When the novel by Sten Nadolny with the same title as this post first was published in 1983, slowness was still mostly a synonym for mental retardedness. The value of slowness indeed needed discovery. Since then slow has become hip. We have a slow movement encompassing slow food, Cittaslow, slow parenting, slow gardening and even slow fashion. And, of course, we have slow photography.
Slow Photography came up during the last 10 years as a reaction to digital photography and the seemingly easiness of picture making in the age of the smart phone. It refers to photography that uses old techniques and processes, from camera obscura and view cameras, to film, wet plate and other old development techniques. It favors a slower, more deliberate approach to photographing, but also the physicality of development of analog film and prints. Slow Photography is actually a growing trend surprisingly especially among younger art photographers.
But a deliberate process is not necessarily tied to analog photography. Also a digital photographer can choose to slow down. Many, if not most, of my own photographs nowadays are made using longer (> 1 second) exposures. In order to achieve such long exposure times I have to use strongly darkening filters in front of the lens. But the filters are so dark that many of the tools of a modern digital camera simply don’t work anymore. Autofocus fails, looking through the viewfinder just shows pitch black and even the camera’s light meter doesn’t work properly. Like in old times exposures have to be calculated manually instead. This leads to a process where scene selection, focusing and light metering all happen before the filter is screwed on. Every slight change in scene selection or focus requires that the filter is first removed again. This leads to a more careful approach in composing the scene, but also forces the photographer to pay attention to proper focus and exposure.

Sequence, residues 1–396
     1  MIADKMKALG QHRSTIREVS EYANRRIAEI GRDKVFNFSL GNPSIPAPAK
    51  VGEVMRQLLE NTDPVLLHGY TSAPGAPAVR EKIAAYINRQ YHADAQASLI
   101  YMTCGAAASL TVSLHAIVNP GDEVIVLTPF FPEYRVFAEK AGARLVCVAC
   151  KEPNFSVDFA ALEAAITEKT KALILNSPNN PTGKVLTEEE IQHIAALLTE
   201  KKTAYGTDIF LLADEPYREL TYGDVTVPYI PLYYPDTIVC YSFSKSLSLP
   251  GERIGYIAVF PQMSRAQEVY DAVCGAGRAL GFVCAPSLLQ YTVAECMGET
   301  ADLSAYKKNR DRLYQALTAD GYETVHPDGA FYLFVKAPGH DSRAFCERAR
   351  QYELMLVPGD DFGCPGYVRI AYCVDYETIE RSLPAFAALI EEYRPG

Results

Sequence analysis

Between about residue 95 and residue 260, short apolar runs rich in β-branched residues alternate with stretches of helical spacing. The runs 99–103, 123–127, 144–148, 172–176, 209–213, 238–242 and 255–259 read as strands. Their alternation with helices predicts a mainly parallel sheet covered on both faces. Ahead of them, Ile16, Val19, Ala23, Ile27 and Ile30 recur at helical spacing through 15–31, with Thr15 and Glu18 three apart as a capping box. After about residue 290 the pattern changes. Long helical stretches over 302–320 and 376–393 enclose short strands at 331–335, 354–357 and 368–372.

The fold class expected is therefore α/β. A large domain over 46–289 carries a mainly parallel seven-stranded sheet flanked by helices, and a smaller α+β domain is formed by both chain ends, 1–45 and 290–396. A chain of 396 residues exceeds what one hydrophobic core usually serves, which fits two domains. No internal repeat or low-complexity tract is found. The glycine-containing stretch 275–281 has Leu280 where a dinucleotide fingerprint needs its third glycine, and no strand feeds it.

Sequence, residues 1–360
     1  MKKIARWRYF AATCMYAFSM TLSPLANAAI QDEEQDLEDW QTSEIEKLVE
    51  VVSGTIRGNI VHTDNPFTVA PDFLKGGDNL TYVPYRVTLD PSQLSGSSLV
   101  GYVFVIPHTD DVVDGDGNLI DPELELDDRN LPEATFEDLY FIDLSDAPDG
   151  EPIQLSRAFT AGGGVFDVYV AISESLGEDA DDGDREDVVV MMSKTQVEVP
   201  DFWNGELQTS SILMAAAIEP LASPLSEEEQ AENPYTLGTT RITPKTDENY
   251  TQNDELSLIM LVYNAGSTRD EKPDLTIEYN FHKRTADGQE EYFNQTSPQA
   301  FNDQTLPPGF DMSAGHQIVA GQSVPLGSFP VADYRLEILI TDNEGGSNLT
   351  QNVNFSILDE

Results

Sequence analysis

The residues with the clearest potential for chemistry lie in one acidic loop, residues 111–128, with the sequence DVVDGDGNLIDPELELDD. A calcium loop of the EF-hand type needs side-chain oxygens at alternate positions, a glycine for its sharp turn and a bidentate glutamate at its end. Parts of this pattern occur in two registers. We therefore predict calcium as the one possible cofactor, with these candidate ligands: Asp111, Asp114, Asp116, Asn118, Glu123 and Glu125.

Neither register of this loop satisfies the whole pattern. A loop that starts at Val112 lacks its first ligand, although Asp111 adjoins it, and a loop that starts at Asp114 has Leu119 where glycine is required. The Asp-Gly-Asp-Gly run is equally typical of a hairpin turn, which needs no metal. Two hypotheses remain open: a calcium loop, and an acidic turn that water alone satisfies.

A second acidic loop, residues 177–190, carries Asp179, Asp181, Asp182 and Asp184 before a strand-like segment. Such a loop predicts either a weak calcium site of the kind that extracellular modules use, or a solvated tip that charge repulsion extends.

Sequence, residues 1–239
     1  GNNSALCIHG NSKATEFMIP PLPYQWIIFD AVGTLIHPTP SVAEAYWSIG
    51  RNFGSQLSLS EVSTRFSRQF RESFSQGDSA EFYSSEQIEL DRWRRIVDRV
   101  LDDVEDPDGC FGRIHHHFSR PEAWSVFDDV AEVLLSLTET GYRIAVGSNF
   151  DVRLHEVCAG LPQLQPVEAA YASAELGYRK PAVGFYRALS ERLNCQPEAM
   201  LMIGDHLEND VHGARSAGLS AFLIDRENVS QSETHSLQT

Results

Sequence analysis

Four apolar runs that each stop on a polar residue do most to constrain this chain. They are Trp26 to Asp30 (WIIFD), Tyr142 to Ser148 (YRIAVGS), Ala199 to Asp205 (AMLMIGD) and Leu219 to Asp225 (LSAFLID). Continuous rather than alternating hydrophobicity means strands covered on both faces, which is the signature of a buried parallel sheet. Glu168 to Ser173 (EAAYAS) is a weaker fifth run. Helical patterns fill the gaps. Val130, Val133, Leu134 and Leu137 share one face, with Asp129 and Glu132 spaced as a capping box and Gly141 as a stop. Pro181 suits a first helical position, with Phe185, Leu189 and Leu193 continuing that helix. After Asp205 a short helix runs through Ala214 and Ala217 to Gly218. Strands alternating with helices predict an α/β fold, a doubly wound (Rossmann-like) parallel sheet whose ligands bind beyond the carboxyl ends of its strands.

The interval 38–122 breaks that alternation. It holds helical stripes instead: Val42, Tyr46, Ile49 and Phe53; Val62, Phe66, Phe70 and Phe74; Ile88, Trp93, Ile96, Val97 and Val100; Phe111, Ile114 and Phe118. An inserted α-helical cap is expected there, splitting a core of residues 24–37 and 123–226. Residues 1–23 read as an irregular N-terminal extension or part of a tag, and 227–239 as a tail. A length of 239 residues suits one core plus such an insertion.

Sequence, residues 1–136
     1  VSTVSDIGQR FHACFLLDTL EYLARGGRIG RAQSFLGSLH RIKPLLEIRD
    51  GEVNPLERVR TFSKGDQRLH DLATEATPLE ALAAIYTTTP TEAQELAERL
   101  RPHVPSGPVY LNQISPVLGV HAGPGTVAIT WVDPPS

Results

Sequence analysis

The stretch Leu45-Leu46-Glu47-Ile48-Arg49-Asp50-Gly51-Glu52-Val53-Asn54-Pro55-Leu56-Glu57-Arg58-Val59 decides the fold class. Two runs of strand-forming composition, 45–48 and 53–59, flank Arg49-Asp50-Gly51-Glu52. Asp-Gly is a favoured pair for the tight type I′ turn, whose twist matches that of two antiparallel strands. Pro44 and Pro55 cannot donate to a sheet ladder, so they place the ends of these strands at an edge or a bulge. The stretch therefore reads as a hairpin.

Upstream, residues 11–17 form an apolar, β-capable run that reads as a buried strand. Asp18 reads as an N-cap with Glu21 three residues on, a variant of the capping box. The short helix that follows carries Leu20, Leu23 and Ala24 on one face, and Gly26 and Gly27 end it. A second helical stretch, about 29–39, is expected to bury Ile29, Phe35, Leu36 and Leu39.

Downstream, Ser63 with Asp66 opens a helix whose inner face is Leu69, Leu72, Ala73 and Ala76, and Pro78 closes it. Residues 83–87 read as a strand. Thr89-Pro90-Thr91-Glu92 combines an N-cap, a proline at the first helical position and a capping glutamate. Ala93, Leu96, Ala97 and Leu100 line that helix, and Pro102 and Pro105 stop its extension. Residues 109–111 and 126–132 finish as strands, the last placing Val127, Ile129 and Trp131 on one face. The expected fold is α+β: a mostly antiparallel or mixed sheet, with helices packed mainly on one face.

While thus Slow Photography mostly refers to a process, which can be either analog or digital, a sentence in a TED talk by the slow evangelist Carl Honoré hinted at another quality of slowness and one, I think, that is equally relevant in the context of photography. Honoré, who is the author of the 2004 book “In praise of Slowness”, suspects that the fondness for speed in Western culture derives from our linear notion of time.
Now indeed, modern physics and the second law of thermodynamics seem to suggest time as a directed, irreversible arrow from order to disorder (or rather: entropy). Still, even in Western societies other strong perceptions of time as a circular phenomenon have survived. Our calendar, the seasons and many other natural cycles, which we also celebrate in recurring festivities show that we use cyclic and circular notions of time besides the strong linear notion that things come into existence and then decay. Therefore, I think, Honoré misses that linear and cyclic notions of time have co-existed for a long time. Intuitively I’d say, though, that industrialized societies and economics seem to emphasize the linear character of time, while agrarian societies have a stronger dependence and emphasis on the circular aspects of time in Nature. Not surprisingly, the acceleration of live speed Honoré observes would then be a result of the industrialization of Western (and other) societies. People’s discomfort with this accelaration could be a reaction to an imbalance, where linear aspects of time are overemphasized at the cost of its circular eddies.
If we accept that such an imbalance exists, slow photography can have another role (and meaning) in emphasising and defending a cyclic view of time in pictures. Long exposures of clouds and the sea, for example, emphasize their connection through the water cycle. Waves and ripples in the sea actually become clouds in such a picture. At the same time the hustle and bustle of small waves and clouds dissolves into stillness. All movement then happens only in the mind of the viewer, we think it into the picture because we know its there. This method of only suggesting something in a picture and leaving it to the viewer to fill in the missing bits has been an established technique in Asian art.
Hopefully, it also enables us to look at a landscape not only as a collection of pretty things and forms, but as a process against which we can calibrate our inner time.